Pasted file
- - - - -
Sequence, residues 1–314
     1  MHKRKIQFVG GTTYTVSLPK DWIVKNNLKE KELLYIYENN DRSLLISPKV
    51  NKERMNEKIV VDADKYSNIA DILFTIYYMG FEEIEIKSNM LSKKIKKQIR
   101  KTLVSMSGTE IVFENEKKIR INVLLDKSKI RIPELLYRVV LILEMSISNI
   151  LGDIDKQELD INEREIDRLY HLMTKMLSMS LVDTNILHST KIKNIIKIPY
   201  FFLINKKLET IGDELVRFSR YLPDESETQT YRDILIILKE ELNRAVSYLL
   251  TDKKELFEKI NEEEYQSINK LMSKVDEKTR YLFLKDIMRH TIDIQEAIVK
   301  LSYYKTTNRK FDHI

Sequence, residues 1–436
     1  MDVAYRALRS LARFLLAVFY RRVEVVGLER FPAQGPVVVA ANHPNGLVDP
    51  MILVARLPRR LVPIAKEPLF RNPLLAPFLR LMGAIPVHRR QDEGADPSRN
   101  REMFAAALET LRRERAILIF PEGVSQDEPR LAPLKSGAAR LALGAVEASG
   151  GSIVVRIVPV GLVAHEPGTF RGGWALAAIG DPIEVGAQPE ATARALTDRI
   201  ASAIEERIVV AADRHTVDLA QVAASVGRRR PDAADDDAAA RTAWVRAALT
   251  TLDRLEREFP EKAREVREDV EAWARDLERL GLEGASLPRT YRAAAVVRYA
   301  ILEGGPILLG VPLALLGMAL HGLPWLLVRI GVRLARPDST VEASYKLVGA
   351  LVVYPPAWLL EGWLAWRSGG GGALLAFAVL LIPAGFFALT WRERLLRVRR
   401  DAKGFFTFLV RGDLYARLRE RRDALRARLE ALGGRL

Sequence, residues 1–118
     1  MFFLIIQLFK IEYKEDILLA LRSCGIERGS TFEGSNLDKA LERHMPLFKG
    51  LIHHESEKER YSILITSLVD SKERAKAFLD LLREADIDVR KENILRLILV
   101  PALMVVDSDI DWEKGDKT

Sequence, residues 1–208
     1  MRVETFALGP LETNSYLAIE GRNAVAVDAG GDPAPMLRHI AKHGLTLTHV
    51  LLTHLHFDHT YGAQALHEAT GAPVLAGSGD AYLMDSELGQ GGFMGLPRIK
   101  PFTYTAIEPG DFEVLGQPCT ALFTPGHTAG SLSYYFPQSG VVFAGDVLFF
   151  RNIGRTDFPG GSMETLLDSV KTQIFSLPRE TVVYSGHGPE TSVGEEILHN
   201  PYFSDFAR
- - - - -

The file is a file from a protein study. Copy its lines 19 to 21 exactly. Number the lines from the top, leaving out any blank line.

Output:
Sequence, residues 1–118
     1  MFFLIIQLFK IEYKEDILLA LRSCGIERGS TFEGSNLDKA LERHMPLFKG
    51  LIHHESEKER YSILITSLVD SKERAKAFLD LLREADIDVR KENILRLILV